This is just wrong. I am getting hopeless day by day….Recommend

  • Zarmeena

    The most appaling cruelty is that when a murderer brutally kills an innocent in cold blood and our so-called Muslim brothers and sisters watch an innocent dying.Then we get to see our so-called Muslim brothers and sisters celebrating a murder in the name of Islam. And wait because the worse is yet to come when you get to see our same so-called Muslim brothers and sisters crowning a ruthless killer.

    Those who are celebrating this murder,they don’t even come under the category of Human Beings. They know nothing about Islam and then they call themselves Muslims. What is a Muslim? A brutal killer? Or a murderer’s supporter?

    Its my humble request to the people please clear your visions and open up your minds.If someone hasn’t read the whole case of Aasia then please consult websites ,its everywhere in the news.Do not rely completely on media since our media has been quite misleading. Express channel had expressed their apologies on the 2nd day of Salman Taser’s murder,for the wrong manipulation of news regarding him which had made the public rebellious.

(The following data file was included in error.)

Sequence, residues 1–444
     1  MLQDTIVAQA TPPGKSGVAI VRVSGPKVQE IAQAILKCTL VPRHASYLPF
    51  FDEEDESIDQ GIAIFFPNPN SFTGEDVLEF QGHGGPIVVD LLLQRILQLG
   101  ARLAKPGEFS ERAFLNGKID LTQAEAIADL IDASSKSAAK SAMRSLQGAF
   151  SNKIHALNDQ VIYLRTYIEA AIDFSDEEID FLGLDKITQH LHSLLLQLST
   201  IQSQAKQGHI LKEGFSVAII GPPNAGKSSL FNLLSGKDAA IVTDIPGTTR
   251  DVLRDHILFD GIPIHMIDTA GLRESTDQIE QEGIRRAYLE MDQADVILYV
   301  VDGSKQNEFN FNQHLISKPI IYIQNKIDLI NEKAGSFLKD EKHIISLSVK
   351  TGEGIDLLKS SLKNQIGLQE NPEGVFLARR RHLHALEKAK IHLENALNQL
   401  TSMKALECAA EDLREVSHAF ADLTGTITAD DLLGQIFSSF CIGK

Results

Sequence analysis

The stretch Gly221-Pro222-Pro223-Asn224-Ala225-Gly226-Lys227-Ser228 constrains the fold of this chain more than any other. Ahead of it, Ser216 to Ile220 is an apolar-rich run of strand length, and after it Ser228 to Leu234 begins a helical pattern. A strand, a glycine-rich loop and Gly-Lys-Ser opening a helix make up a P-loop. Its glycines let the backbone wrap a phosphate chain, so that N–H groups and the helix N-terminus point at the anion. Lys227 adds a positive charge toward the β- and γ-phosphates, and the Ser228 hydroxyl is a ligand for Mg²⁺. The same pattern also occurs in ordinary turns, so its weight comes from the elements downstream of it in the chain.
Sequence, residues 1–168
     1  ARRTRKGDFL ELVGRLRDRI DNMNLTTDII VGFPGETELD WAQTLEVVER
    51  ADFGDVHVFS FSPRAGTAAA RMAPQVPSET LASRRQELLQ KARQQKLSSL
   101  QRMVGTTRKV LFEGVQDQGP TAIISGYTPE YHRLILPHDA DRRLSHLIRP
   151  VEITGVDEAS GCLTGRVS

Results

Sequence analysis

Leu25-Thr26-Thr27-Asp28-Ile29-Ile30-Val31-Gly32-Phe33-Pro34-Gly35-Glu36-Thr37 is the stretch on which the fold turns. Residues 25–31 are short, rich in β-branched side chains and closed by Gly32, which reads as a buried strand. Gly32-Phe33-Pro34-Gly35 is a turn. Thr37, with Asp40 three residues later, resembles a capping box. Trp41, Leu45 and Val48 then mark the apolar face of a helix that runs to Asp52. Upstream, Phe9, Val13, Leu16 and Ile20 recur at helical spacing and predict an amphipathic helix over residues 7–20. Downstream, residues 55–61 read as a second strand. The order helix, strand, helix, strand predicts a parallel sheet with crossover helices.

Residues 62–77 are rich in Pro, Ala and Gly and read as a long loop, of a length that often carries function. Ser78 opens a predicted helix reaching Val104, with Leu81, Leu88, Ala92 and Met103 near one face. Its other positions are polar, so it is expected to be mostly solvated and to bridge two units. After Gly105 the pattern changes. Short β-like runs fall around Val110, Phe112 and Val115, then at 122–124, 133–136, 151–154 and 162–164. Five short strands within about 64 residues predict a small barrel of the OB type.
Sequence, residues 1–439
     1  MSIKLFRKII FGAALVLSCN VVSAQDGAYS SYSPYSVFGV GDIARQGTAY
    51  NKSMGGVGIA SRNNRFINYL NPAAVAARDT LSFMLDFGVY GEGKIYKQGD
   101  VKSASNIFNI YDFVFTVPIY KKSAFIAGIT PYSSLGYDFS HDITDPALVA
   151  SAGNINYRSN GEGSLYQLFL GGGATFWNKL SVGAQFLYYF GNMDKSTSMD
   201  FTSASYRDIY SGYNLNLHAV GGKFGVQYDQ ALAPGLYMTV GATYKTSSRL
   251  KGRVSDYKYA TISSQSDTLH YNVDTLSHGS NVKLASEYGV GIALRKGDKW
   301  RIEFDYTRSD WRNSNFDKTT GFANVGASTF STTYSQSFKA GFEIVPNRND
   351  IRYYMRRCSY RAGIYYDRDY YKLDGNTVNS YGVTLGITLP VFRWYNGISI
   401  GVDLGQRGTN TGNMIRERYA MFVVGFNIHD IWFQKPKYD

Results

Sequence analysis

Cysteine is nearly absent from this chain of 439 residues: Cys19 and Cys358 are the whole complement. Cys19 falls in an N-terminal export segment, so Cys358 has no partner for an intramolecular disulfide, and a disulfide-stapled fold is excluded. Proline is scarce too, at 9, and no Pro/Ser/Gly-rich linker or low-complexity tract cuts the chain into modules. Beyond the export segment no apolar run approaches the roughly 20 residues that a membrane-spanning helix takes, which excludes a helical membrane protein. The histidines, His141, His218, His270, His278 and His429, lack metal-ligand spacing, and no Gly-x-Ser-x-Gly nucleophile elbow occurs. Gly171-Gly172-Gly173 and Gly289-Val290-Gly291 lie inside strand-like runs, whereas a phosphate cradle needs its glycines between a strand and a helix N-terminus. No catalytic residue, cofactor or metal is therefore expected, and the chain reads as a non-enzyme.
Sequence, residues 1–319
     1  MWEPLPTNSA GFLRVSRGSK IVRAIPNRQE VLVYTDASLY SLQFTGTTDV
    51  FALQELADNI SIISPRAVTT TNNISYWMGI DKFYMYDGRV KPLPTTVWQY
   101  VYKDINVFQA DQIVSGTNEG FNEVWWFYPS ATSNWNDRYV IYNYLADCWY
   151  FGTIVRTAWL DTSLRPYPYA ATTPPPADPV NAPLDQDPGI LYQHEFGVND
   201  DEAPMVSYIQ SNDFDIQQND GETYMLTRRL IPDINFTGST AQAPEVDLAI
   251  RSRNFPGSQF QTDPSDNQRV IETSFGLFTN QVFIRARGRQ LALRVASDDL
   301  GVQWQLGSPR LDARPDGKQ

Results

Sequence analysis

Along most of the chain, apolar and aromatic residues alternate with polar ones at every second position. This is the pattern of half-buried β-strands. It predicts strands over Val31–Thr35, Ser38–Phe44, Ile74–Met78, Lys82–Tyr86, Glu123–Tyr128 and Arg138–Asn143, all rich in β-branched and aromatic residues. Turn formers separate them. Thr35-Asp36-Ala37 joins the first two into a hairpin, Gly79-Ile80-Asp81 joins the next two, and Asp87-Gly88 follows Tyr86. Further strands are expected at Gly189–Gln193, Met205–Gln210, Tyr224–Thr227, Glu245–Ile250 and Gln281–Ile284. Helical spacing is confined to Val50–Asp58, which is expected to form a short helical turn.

Sobbia! It is a quite well written article.
    “Salman Taser Shaheed will always be remembered”

  • parvez

    For the man on the road like myself Salman Taseer was just another politician another businessman. Your account gives him a very humane, caring almost tender complexion in addition to the quality of believing in himself and his convictions for which he paid the ultimate price.Recommend